Movies We Like
Puppets & Demons
Several works from filmmaker Patrick McGuinn (Sun Kissed, Eulogy for a Vampire) are collected in this delightful DVD. Below are descriptions of the shorts featured, many of them done with 16mm film and Claymation, and later with digital video once the technology became available.
Stella!, 1995—Stella and her puppet boyfriend Vincent are an odd pair, obviously, who both desire Twinkies above all else and play control games with each other using the greasy sponge cake.
Evolution, 1982—An impressive and colorful Claymation short about the survival of the fittest and evolution, where reptilian one-eyed monsters and dinosaurs attempt to overtake the land and devour its inhabitants while also destroying its order.
Carousel of Death-Satan’s Game, 1985—Hippie culture meets really bad ‘80s fashion and Hip-Hop as Satan plays tricks on unsuspecting victims. This short has some excellent and appropriately trippy washouts that look like faded Polaroids, as well as trashy animation and some brave experimenting that made it one of my favorites in the collection. It also unfolds like a bizarre music video since there is no dialogue and reminds me of some early Spike Jonze videos.
Terrence Baum: Intergalactic Assassin, 1986—This short opens with a lot of experimental shots, including layered animation of the cosmic world. It’s shot in black and white with a very paranoid vibe and classic goofiness. The film has the look of a noir and yet the out-of-sync and rushed action of a German expressionist silent film, except there is dialogue. Terrence Baum, a government secret agent, goes on a search and destroy mission for aliens from the planet Saliva. He speaks in what could only be Arnold Schwarzenegger’s voice (clips taken from other films, I assume) as he uses his only weapon, the Glutonious Maximizer, to sniff out the aliens who have come to earth disguised as bachelors in order to collect single women, who I guess are their only prey.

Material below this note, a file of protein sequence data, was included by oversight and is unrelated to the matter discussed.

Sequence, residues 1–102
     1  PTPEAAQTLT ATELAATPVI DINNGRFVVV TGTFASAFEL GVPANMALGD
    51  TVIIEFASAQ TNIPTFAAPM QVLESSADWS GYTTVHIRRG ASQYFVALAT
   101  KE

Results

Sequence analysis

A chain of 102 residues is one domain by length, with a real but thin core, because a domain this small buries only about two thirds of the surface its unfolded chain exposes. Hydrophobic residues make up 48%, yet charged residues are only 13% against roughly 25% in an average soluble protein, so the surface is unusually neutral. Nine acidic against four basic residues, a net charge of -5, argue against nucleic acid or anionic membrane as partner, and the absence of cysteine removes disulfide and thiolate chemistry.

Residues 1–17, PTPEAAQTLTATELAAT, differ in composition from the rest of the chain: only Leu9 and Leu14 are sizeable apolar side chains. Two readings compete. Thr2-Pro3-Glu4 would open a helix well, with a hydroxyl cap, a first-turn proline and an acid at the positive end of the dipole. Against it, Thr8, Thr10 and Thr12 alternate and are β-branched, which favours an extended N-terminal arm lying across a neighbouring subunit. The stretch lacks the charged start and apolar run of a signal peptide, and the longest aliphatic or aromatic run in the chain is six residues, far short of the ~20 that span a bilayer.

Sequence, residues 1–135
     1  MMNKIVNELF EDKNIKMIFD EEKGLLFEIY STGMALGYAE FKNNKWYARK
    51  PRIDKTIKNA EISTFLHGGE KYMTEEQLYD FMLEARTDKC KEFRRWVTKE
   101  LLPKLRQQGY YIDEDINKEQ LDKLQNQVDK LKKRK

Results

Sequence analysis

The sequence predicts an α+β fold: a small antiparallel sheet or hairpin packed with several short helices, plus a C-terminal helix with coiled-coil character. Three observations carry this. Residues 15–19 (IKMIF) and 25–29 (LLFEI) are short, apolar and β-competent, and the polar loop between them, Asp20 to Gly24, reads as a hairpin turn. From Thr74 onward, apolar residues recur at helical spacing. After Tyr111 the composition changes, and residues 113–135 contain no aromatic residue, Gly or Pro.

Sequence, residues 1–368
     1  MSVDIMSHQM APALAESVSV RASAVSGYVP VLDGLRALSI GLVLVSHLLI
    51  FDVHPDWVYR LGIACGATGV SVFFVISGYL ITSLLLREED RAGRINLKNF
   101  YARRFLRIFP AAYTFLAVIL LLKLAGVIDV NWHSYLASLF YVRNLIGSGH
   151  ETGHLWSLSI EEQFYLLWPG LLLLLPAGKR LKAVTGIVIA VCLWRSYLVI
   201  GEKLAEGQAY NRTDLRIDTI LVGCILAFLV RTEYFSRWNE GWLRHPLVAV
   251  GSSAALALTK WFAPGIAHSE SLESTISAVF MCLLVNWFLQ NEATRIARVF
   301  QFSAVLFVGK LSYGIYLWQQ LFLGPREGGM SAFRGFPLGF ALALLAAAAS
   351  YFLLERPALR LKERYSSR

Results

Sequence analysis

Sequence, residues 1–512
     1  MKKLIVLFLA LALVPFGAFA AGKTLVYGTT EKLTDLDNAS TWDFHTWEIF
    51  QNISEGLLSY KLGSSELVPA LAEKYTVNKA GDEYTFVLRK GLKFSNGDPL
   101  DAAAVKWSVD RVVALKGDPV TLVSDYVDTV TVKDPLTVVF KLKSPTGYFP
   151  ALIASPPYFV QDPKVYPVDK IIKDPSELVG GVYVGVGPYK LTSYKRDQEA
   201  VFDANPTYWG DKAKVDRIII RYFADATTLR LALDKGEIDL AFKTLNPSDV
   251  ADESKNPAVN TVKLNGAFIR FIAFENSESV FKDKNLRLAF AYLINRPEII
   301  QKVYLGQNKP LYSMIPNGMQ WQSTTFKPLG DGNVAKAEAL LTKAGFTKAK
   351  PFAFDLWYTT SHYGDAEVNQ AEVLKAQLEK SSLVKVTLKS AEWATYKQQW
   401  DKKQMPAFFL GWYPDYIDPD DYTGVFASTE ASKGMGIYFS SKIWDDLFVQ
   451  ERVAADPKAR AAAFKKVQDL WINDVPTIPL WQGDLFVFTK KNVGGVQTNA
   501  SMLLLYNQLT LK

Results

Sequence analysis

Agnes Keedan’s Secret Plan, 1988—A crotchety and eccentric old woman goes berserk when two neighborhood children, one of whom is her domestic helper, disturb her magic wig, which comes to life and traps the children. She is then exposed as a witch and develops a potion that can transform her only friends (a jar of insects) into enough bugs to fill an entire house.
Gran’ma!, 1995—A young man visits his grandmother, exposing yet another group of individuals, including the puppet Vincent, who exercise their right to love Twinkies. Only this one comes in the form of a hilarious sing-a-long with the words on the screen and everything.
When the Owling Has Come, 1989—This is a satanic short where a scholar and his apprentice discuss philosophical babble and the scholar confesses that an evil muse is the source of his, and thus his apprentice’s, ethics. Shot in color with some excellent effects and lighting, this is one of the shorts with the most craft and more classic storytelling techniques.
SPF 2000, 1997—Two men, Poochie and A.J., attempt to make sexual advances toward a teenage boy while he is on a picnic with his mother. This has the most absurd concept and is therefore a gem among the lot, equipped with sleazy ‘70s music and great close-ups. Oh, and an alien who crashes their party.
So Many People!, 1995—A short musical about ....you guessed it, Twinkies, and how so many people love them. Ironically suggestive toward the absurdity of processed foods, this is an enjoyably tart short that is very much like a stylized TV commercial.
Say Thankyou, Please,1990—A man, exhausted with the daily grind, gets home from work and receives a call from his friend telling him that he has sent a blind date to his house for dinner, against his will. So…a musical unfolds, using his friend Vincent (the puppet), about how to make pasta, which was he intends to serve.
If you like the zany thrills of Troma films but could do without the crude content, or if you really like animation and special effects, you should definitely see this collection. Each one, besides Twinkies and that menacing puppet Vincent, is unique and strange, but also familiar in a sense. I wouldn’t care to compare McGuinn’s work to that of another animator or filmmaker, because it really is unlike anything I’ve ever seen, but it certainly must have had an influence on later filmmakers, and I’m sure he was inspired by some prominent animators. I like the goofy and ironic American farce feel that it has, and if anything, I’m sure you’ll enjoy the purposefully cheesy acting and randomness of it all.